NS a good time to combat smoking

I am appalled that despite our nation's high-income and educational levels, more that one in five men in Singapore smoke (Diseases linked to smoking kill 6 people daily; March 27).

As a medical officer in the Singapore Armed Forces (SAF), I see a similar, if not higher, proportion of smokers among soldiers.

Higher smoking rates in the military is a common trend worldwide. Many perpetuate their habit during service due to limited pastimes and the common "bond" that smoking offers. Sadly, quite a few even succumb to peer pressure and pick up smoking during national service.

Fortunately, NS also provides a good opportunity to target smoking.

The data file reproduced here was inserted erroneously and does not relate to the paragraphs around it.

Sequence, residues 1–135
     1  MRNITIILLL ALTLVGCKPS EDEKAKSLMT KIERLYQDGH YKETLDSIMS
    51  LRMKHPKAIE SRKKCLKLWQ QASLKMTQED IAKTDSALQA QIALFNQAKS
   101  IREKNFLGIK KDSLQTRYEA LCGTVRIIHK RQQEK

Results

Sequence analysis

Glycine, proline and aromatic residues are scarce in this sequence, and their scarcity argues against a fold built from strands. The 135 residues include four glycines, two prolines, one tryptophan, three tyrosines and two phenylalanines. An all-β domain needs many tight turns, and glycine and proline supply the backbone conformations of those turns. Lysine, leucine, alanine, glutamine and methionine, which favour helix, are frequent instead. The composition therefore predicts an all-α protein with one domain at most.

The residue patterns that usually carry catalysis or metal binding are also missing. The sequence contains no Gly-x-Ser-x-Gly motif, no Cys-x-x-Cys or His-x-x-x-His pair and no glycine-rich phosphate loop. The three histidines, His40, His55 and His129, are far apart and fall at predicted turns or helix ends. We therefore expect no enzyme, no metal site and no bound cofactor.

Higher smoking rates in the military is a common trend worldwide.
Many perpetuate their habit during service due to limited pastimes and the common "bond" that smoking offers.
​Sadly, quite a few even succumb to peer pressure and pick up smoking during national service.

The SAF smoking cessation programme can be strengthened and expanded to proactively seek out servicemen, both full-time national servicemen and regulars, and encourage them to quit their habit during service.

I laud the banning of smoking except in zoned yellow boxes in SAF camps and when the men are in uniform in public.

Perhaps the SAF could come up with more incentives or disincentives to deter smoking.

For example, during my stint as a unit medical officer, I took away smoking privileges from servicemen who reported sick for upper respiratory tract infection, in addition to providing medication and rest.

Roger Teo Chee Yih (Dr)

A version of this article appeared in the print edition of The Straits Times on April 03, 2018, with the headline 'NS a good time to combat smoking'. Print Edition | Subscribe